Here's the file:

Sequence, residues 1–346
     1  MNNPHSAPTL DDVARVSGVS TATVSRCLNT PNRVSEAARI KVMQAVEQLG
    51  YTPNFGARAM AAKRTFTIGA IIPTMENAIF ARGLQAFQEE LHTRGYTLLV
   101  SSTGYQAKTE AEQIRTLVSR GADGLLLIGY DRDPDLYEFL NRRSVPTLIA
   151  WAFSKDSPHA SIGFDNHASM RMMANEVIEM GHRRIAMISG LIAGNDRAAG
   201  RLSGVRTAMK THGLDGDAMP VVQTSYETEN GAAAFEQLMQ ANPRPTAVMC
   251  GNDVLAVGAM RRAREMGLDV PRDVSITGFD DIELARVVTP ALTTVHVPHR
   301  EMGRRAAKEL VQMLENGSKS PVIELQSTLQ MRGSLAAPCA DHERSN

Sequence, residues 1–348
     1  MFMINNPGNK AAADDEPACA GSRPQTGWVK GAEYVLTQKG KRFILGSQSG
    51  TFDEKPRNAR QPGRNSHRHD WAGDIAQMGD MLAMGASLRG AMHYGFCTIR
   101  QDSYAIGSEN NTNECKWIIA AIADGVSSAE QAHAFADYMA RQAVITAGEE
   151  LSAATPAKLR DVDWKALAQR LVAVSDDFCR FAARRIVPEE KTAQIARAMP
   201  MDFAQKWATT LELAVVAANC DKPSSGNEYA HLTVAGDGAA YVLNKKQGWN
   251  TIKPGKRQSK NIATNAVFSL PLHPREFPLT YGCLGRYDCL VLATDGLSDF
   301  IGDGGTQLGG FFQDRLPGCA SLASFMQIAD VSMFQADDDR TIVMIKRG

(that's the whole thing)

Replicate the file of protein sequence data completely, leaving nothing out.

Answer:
Sequence, residues 1–346
     1  MNNPHSAPTL DDVARVSGVS TATVSRCLNT PNRVSEAARI KVMQAVEQLG
    51  YTPNFGARAM AAKRTFTIGA IIPTMENAIF ARGLQAFQEE LHTRGYTLLV
   101  SSTGYQAKTE AEQIRTLVSR GADGLLLIGY DRDPDLYEFL NRRSVPTLIA
   151  WAFSKDSPHA SIGFDNHASM RMMANEVIEM GHRRIAMISG LIAGNDRAAG
   201  RLSGVRTAMK THGLDGDAMP VVQTSYETEN GAAAFEQLMQ ANPRPTAVMC
   251  GNDVLAVGAM RRAREMGLDV PRDVSITGFD DIELARVVTP ALTTVHVPHR
   301  EMGRRAAKEL VQMLENGSKS PVIELQSTLQ MRGSLAAPCA DHERSN

Sequence, residues 1–348
     1  MFMINNPGNK AAADDEPACA GSRPQTGWVK GAEYVLTQKG KRFILGSQSG
    51  TFDEKPRNAR QPGRNSHRHD WAGDIAQMGD MLAMGASLRG AMHYGFCTIR
   101  QDSYAIGSEN NTNECKWIIA AIADGVSSAE QAHAFADYMA RQAVITAGEE
   151  LSAATPAKLR DVDWKALAQR LVAVSDDFCR FAARRIVPEE KTAQIARAMP
   201  MDFAQKWATT LELAVVAANC DKPSSGNEYA HLTVAGDGAA YVLNKKQGWN
   251  TIKPGKRQSK NIATNAVFSL PLHPREFPLT YGCLGRYDCL VLATDGLSDF
   301  IGDGGTQLGG FFQDRLPGCA SLASFMQIAD VSMFQADDDR TIVMIKRG